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Member Since 19 Feb 2006
Offline Last Active Apr 11 2015 03:23 AM

Posts I've Made

In Topic: Using two shaders at the same time

19 December 2013 - 12:47 PM

In this particular case I may have to sacrifice performance for convenience. My engine needs to be flexible enough to apply two separate shaders. What I need to know is if it's possible and then the actual code to do it.

The reason I can't mix the shaders is because I have 32 'effects' and 31 'transitions'. That would be 992 shaders to combine them.

Transitions only occur when two 'layouts' transition between each other. A 'layout' is a bunch of objects that could include a 3d model, some quads, some text, a video etc. There can be two layouts in memory at one time. One is 'current' and the other is 'next'. The 'next' layout is only used when transitioning from one layout to the next. The 'current' layout is rendered to render target 0 (m_screenTexture[0].DXTexture) and 'next' is rendered to render target 1 (m_screenTexture[1].DXTexture). As you can see in the code these are assigned to the transition shader as Input1 / Input2. For the 'effect' shader render target 0 (m_screenTexture[0].DXTexture) is assigned to SourceTexture in the shader.

The transitions work great but for the sake of flexibility I need to be able to apply an 'effect' during this transition process.

In Topic: Setting members in VB.NET without constructors

13 November 2013 - 05:41 AM

That's great thanks. Never seen curly brackets used like that in VB.NET before. Is this feature only available to Visual Studio 9 (2008) and higher?

In Topic: Array.Sort performance issue

28 October 2013 - 05:20 PM

Here is the new CompareTo method


public int CompareTo(RenderObject other)
    if (this.Layer != other.Layer)
        return this.Layer.CompareTo(other.Layer);

    if (this.Translation.Z != other.Translation.Z)
        return this.Translation.Z.CompareTo(other.Translation.Z);

    for (int i = 0; i < TEXTURE_ARRAY_COUNT; i++)
        if (this.TextureArray[i] == null)
            if (other.TextureArray[i] != null)
                return -1;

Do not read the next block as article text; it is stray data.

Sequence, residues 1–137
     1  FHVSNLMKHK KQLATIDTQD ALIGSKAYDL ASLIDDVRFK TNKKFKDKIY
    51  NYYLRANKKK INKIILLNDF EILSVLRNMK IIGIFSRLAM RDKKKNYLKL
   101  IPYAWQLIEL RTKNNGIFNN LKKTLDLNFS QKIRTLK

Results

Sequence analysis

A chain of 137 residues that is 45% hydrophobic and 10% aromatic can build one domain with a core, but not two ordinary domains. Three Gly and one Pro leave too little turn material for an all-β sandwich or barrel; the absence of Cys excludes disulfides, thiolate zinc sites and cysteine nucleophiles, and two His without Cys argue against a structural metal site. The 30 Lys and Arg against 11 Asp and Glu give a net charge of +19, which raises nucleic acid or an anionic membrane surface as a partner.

else if (other.TextureArray[i] == null)
            return 1;
        else if (this.TextureArray[i].Id != other.TextureArray[i].Id)
            return this.TextureArray[i].Id.CompareTo(other.TextureArray[i].Id);

    if (this.BlendMode != other.BlendMode)
        return this.BlendMode.CompareTo(other.BlendMode);

    if (this.ScissorRect != other.ScissorRect)
        return (this.ScissorRect.GetHashCode() - other.ScissorRect.GetHashCode());

    return this.Index.CompareTo(other.Index);


Unfortunately the performance has not improved.

In Topic: Array.Sort performance issue

28 October 2013 - 04:29 PM

I understand about StopWatch and how to profile performance. I did state in my original post that having only one evaluation in CompareTo would not effect performance. The frame rate drop is not a perfect measurement but it's enough to see there is a substantial performance hit. So I don't need to profile to know where the issue lies. At this stage it's important that my engine maintains a solid 60 FPS.

I think the best thing to do is break the render object list up into separate lists for each layer as suggested.

Another thing I could try would be to use a different sorting algorithm. Array.Sort uses a QuickSort and does not maintain the original list order (unstable). Any suggestions there would be appreciated.

phil_t and Eck make some good points about some of issues with comparisons I've made. Layer and Translation.Z are just floats so there is no reference comparison there. But you're right about the Texture's and null values and I did make a mistake with the BlendMode comparison returning 0 instead of -1. For the ScissorRect I've changed it to compare using Rect.GetHashCode().

Thanks to everyone for all the suggestions.

In Topic: Array.Sort performance issue

27 October 2013 - 04:53 PM

1) What is the time difference in milliseconds? a delta of 5fps when its running at 200fps is not too much to worry about.

It's running at vsync 60 FPS so it is a significant performance hit.

2) Can you use a linked list and manage the order of objects when they are added/removed?

I have never tried using a LinkedList<T>. If it would be a significant benefit in this case I could give it a try.

3) Could you split your list into two smaller lists, one which is for static objects which don't change per frame, and thus don't need the sort, and dynamic ones which do?

Not really.. the 1000 objects I refer to is all text (dynamic).